What should I do if I get COVID-19 while pregnant or nursing?

If you get COVID-19 symptoms or test positive during pregnancy or while nursing, you should contact your healthcare provider and follow the recommendations for what to do if you are sick. If possible, someone who is up-to-date with their COVID-19 vaccines and not at high risk for severe illness should care for your newborn until your isolation period has ended.
If no caregiver is available, you should wash your hands or use hand sanitizer before touching your newborn, and wear a mask whenever you are within 6 feet of them. After your isolation period is over, you should continue to wear a mask until day 10, and wash your hands before touching your baby. Your healthcare provider can offer additional guidance on how long you should isolate, and any extra precautions you may need to take.
You should monitor your baby for COVID-19 symptoms including:
  • Fever (100.4 or higher is an emergency)
  • Being overly tired or less active
  • Cough
  • Vomiting or diarrhea
  • Working harder to breathe, or more shallow breathing
  • Poor feeding
Babies are unlikely to get COVID-19 through breast milk. If you have COVID-19, you should wear a mask and wash your hands before nursing or expressing breast milk.
The CDC offers detailed recommendations and precautions for caregivers and parents on caring for newborns and nursing when you have COVID-19, and guidance for those who are or recently were pregnant.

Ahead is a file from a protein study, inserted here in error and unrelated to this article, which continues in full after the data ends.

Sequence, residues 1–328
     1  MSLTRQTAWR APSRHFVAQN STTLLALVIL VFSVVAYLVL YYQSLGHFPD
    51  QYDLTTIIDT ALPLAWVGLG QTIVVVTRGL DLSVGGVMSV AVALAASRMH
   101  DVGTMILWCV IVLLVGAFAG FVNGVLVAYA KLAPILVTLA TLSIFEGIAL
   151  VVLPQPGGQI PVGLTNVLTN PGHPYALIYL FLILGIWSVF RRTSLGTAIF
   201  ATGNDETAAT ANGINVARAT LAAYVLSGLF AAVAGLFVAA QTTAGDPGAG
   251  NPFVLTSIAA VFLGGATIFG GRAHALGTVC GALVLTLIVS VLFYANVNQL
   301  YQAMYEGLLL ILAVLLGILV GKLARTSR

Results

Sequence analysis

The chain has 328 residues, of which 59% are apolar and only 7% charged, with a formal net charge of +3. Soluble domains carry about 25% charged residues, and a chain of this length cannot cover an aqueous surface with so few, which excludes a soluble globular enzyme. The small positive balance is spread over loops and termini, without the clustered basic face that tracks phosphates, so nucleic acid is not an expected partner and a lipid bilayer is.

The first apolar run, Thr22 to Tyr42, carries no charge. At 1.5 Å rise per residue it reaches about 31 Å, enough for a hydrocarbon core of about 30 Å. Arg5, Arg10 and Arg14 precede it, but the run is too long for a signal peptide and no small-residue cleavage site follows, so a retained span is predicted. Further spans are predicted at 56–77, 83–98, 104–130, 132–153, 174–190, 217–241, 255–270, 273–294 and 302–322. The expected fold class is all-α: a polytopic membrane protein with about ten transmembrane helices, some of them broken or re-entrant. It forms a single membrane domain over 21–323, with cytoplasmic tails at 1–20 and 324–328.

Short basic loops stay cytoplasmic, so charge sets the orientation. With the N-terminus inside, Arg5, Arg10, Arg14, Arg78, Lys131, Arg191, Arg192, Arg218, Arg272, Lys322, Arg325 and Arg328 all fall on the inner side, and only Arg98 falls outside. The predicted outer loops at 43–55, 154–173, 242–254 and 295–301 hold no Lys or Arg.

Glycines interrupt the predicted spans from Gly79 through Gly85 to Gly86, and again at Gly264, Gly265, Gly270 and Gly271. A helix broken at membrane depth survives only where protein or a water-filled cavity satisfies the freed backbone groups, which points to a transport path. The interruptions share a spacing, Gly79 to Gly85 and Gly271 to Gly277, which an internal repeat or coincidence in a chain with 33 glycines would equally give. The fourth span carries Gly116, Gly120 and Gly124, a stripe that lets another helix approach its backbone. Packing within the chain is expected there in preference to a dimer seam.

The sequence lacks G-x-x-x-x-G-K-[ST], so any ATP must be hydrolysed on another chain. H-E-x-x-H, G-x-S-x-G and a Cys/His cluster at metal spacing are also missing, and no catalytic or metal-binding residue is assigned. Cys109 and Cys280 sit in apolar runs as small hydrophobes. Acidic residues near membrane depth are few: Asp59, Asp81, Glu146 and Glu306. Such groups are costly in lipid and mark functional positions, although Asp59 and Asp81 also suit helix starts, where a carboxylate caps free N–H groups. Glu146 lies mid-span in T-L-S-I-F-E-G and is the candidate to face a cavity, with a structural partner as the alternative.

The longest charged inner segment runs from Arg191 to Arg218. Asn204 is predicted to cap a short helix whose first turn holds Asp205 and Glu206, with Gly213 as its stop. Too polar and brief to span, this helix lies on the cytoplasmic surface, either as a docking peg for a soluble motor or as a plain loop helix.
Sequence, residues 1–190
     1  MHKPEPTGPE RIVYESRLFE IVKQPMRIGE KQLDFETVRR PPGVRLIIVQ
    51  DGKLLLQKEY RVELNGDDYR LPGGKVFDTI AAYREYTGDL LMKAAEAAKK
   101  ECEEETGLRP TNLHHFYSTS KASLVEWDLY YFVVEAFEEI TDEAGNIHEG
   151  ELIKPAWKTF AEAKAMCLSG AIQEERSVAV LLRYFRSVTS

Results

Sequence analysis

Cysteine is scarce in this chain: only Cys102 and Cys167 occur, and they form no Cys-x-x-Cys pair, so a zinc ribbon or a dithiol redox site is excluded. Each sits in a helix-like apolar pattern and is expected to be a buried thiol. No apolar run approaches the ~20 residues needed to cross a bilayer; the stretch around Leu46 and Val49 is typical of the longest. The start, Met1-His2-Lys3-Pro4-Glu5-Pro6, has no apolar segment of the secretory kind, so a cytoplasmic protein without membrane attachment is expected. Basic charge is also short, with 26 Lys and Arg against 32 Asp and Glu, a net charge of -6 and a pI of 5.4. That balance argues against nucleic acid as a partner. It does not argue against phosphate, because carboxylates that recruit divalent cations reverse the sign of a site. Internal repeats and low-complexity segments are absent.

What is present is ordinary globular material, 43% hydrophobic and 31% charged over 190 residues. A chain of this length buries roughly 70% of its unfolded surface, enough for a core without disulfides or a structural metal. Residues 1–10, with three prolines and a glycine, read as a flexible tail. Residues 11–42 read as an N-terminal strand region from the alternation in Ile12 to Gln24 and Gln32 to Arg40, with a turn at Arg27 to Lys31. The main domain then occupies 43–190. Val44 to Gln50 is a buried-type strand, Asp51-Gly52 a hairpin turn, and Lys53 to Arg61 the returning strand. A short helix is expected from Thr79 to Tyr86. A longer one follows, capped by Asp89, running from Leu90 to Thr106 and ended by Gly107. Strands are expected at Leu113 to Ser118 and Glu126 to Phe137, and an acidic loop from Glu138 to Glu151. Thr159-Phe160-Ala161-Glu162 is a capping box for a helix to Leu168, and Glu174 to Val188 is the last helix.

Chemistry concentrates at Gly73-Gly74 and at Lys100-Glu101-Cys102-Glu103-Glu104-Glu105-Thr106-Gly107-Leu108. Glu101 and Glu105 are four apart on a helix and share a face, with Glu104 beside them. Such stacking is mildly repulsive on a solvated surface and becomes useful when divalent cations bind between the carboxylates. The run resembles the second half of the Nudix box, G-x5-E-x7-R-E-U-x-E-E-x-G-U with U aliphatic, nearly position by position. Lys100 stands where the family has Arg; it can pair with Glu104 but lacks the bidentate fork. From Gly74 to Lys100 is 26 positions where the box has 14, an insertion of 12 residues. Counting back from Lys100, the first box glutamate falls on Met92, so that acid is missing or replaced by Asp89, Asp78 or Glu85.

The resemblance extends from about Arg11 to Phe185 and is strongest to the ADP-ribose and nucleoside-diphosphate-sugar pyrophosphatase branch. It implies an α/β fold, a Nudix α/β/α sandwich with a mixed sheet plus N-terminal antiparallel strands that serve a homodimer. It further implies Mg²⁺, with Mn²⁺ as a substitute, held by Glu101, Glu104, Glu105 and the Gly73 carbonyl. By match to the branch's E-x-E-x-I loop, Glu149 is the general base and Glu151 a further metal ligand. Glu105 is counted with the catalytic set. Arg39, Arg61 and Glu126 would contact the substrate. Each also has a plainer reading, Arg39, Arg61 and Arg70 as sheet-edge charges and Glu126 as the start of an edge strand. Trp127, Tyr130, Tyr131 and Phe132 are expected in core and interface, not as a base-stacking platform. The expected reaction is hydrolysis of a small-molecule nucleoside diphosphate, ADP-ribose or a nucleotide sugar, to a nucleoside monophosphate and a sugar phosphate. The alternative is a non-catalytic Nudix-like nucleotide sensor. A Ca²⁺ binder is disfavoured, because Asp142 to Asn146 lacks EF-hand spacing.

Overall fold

Where can parents, school administrators, educators and child care providers find guidance and assistance?

Pima County has gathered the information, tools and answers to all of your questions.


UPDATED DEC. 22, 2021: Where can business owners and workers find the current best practices and requirements during this pandemic?

We have plenty of resources and guidance to help you navigate the latest standards and requirements whether you are business owner or an employee.

Can Pima County force other non-social gathering businesses to close?

Governor Ducey's Executive Order 2020-36 prohibits local municipalities like cities and counties from making any policies that are in conflict with his order, including ordering businesses to close.

Glossary of Terms

UPDATED JAN. 25, 2021: Contingency and crisis standards of care

Normally, hospitals operate under conventional standards of care, in which care is provided to patients without any changes in daily practice. During demand surges like those seen annually during cold and flu season, hospitals might alter their staffing by having physicians cover different departments, or temporarily divert ambulances to other hospitals, but staff all still work within their scope of expertise and follow standard protocols regarding who gets care and what sorts of treatments or therapies patients might receive. Patients who show up needing care still receive it.

When demand starts to exceed space and staffing resources, hospitals transition to a contingency standard of care. They change their daily practices to do whatever possible to maintain their normal standard of care. Space gets used differently, so an operating room might become a makeshift intensive care unit. Non-emergency procedures or surgeries might get postponed or cancelled. Supplies are conserved, so providers make different decisions regarding who might receive a particular therapy and change their admission and discharge procedures. A person who would normally be admitted could instead be sent home, while someone already hospitalized might be sent home sooner. Patients may be transferred between hospitals in the same city, or even to another city via the ADHS Surge Line.